New York Institute of Technology has been awarded a U.S. Department of Education Title III Strengthening Institutions Program award, a highly competitive grant to help eligible institutions expand their capacity to serve low-income students. Neary 500 minority-serving American institutions of higher education were eligible to apply for the 2023 program; New York Tech has received $2.25 million over five years. The award period began on October 1.
New York Tech’s effort to secure funding, an initiative led by Associate Provost Francesca Fiore, Ed.D., brings together many areas within Academic Affairs and across the university and is focused on increasing undergraduate student retention and improving graduation rates. The awarded funding will be used to:
- Adopt high-impact practices relating to student support and success.
- Strengthen New York Tech’s infrastructure relating to student support.
- Hire staff and student workers and invest in technology solutions.
This Title III project is based on input from faculty, students, staff, administrators, and alumni; recommendations from external consultants; and evidence-based research. Components are guided by the overarching themes of the university’s Strategic Action Plan—equity consciousness, operational efficiency and resource effectiveness, and digital transformation—to ensure alignment and cohesion across initiatives.
“This award demonstrates that New York Tech is being responsive to feedback from numerous stakeholders and that we are committed to continuous improvement by bringing together many initiatives we currently are pursuing in service to our students,” Fiore said.
According to Fiore, New York Tech was successful in its endeavor to secure a Strengthening Institutions Program award based on the university’s proposal of various interventions to further solidify strengths and improve weaknesses. Recognized institutional strengths in the award proposal include the university’s:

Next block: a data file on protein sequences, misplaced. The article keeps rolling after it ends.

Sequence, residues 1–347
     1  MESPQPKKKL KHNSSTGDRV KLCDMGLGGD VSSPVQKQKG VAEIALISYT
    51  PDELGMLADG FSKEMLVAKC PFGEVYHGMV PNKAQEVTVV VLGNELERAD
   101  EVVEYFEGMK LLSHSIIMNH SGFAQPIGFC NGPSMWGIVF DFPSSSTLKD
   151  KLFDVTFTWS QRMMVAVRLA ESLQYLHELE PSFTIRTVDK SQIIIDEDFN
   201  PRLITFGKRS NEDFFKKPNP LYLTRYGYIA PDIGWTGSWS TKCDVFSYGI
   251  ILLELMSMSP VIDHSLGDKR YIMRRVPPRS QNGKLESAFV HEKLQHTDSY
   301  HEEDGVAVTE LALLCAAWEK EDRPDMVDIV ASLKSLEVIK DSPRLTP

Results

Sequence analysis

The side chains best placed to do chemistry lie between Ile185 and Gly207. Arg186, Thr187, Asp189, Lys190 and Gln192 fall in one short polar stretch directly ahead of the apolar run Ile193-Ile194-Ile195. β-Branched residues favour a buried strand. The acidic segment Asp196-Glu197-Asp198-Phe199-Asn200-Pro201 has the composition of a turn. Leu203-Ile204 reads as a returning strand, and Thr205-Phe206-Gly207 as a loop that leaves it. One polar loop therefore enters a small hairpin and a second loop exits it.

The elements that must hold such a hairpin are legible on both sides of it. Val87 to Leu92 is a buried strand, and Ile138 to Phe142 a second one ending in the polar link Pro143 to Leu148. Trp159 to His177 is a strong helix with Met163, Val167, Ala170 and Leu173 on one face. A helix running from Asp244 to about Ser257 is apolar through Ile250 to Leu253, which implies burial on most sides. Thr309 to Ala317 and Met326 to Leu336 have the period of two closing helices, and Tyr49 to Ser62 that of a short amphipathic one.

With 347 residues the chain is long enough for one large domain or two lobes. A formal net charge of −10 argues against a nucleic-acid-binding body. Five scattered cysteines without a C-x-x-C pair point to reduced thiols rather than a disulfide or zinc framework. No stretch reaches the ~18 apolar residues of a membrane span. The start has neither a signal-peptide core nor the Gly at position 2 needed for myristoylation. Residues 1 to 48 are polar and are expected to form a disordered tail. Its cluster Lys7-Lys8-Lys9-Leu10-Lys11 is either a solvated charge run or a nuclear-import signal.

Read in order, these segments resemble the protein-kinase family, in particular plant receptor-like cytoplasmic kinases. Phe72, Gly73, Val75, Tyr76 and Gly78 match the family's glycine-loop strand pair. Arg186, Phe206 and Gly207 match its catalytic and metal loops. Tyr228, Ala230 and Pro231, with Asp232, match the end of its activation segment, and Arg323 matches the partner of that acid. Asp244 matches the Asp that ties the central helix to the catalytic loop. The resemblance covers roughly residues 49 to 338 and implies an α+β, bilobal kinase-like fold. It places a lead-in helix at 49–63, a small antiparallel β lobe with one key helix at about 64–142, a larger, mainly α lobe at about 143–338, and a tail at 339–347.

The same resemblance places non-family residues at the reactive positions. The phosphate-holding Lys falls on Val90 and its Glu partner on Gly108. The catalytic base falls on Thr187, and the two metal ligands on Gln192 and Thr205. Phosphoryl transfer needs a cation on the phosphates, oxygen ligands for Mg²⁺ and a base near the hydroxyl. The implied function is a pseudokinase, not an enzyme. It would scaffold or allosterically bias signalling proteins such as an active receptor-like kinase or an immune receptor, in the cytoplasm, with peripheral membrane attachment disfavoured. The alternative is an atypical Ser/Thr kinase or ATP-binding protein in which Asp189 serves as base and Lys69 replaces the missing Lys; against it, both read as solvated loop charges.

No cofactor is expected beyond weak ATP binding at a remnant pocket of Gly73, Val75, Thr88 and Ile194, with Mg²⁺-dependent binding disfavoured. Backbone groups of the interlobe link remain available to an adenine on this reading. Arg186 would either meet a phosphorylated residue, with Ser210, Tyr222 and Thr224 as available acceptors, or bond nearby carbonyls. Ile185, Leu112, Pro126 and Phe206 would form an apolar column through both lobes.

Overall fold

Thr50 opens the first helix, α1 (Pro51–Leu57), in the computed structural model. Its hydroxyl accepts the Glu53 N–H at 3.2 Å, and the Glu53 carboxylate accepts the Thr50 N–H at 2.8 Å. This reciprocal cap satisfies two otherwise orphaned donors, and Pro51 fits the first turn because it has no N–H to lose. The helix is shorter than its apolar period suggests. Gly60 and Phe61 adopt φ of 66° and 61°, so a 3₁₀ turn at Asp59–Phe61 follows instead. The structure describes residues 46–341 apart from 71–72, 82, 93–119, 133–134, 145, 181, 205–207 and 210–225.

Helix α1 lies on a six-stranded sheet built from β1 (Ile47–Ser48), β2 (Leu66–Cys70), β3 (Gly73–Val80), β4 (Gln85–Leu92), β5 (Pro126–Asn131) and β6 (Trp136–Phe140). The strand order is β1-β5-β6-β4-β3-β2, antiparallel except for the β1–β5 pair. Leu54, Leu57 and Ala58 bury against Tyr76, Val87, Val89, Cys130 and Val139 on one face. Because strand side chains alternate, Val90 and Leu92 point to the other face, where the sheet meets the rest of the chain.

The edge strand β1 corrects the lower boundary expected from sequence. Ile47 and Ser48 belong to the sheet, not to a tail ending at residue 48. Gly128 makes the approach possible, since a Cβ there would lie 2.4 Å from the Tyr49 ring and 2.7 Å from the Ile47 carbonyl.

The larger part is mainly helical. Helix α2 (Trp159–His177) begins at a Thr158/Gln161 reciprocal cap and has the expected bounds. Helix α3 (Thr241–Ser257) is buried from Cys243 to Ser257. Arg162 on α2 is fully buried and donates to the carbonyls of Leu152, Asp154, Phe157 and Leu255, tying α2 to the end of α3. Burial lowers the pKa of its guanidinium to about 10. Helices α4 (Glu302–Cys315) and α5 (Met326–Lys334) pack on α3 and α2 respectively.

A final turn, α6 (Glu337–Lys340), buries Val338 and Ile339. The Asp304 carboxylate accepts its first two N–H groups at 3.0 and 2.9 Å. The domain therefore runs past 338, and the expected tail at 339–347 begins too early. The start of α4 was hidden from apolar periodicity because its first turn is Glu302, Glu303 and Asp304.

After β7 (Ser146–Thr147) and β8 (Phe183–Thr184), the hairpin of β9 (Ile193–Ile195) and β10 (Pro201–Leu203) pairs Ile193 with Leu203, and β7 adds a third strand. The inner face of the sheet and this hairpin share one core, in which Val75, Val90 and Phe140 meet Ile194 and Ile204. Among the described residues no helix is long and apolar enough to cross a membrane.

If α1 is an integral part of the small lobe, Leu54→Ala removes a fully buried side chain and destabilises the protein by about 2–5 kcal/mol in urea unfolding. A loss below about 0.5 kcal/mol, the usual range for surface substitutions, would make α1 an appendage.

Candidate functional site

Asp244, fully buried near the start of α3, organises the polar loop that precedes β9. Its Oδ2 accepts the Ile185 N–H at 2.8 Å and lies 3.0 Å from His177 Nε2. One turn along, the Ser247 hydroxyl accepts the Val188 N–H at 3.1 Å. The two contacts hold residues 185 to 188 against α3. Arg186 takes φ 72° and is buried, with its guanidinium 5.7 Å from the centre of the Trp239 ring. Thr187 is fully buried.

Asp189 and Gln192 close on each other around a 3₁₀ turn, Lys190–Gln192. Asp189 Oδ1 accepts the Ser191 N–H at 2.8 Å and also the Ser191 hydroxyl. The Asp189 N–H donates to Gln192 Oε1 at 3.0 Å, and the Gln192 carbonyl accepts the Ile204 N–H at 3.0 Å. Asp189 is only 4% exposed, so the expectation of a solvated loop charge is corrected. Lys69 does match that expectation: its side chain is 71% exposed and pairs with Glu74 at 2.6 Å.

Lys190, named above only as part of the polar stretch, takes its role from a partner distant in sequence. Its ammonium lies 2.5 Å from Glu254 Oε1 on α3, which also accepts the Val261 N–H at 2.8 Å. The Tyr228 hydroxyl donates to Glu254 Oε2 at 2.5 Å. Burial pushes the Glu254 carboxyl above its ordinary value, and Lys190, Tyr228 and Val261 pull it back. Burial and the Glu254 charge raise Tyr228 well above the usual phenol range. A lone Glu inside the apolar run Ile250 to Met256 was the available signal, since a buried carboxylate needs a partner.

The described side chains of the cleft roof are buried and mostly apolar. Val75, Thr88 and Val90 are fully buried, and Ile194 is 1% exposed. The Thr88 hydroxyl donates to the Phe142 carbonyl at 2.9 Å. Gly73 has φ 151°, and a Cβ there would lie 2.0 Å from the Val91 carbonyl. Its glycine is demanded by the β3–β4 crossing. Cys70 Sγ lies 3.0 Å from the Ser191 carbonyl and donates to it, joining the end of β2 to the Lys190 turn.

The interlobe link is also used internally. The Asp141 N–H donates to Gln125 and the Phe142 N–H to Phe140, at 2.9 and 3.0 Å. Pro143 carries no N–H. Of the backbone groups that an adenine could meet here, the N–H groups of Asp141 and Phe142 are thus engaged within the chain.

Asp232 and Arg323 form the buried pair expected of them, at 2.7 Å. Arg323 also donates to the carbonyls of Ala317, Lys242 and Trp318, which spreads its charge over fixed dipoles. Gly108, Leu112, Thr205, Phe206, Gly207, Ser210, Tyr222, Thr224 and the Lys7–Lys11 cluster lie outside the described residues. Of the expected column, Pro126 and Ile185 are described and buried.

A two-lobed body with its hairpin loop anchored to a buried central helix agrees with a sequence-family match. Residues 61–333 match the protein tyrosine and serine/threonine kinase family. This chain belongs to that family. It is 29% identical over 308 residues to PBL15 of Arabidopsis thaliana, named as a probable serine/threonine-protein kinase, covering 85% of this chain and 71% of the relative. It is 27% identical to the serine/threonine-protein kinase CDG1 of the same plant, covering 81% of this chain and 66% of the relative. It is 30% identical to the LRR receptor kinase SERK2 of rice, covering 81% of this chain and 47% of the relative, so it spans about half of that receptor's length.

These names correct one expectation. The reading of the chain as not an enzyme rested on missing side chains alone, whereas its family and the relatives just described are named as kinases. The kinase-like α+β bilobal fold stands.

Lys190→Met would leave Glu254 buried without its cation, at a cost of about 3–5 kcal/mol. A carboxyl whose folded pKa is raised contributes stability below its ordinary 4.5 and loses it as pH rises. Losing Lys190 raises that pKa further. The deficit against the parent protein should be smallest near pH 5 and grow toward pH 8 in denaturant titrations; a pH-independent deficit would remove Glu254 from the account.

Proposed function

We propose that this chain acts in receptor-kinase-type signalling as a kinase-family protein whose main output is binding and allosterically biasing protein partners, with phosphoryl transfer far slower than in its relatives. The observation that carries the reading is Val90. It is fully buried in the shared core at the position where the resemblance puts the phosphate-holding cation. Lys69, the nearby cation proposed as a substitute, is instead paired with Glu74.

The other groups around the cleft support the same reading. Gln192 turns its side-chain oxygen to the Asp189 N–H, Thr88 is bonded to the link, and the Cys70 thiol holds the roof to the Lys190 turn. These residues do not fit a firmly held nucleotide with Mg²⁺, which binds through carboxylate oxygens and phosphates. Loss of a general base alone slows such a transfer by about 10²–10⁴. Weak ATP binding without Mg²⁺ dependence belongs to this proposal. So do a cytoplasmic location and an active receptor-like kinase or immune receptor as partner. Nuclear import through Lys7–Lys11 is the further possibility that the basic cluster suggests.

- Strong commitment to diversity, equity, inclusion, and belonging at the core of our ability to educate and support our diverse student body
- Career-oriented, professional education geared toward future work needs and facilitating student social mobility
- Widespread commitment to centering on the student experience, with ongoing student success initiatives focused on educational equity
The project has five components to achieve improvement in targeted areas, each of which responds to various consultant reports, climate studies, and institutional priorities and goals:
- Advising and other support: Expand the current hybrid advising model beyond first-year students to include sophomores; streamline handoff to faculty advisors for juniors and seniors; and engage in a process review to prepare for academic planning software and remove barriers to academic progression for students.
- Student support: Offer enhanced support through tailored mentorship, programming, faculty/staff training, and potential affinity group space, especially for First-Gen students and other specialized student populations.
- Faculty development: Support inclusive teaching and “mentoring mindset” development for faculty through communities of practice and provide support for adjuncts who largely teach general education courses.
- Career-focused curriculum: Scaffold credentials into academic programs to connect students to career goals and improve employability for students while in school; use data to drive employer engagement and address potential post-graduation earning disparities.
- Transfer and non-traditional students: Expand the university’s interdisciplinary studies program to pilot portfolio-based assessment targeting non-traditional students and expand and strengthen delivery of online/hybrid courses.
The overarching goals of the project are to increase the first-year, full-time retention rate by 4 percent and to increase the six-year graduation rate by 9 percent by the end of the five-year award period. “We care about the student experience at New York Tech, and this award reflects our widespread commitment to student success and enhanced outcomes,” Fiore concluded.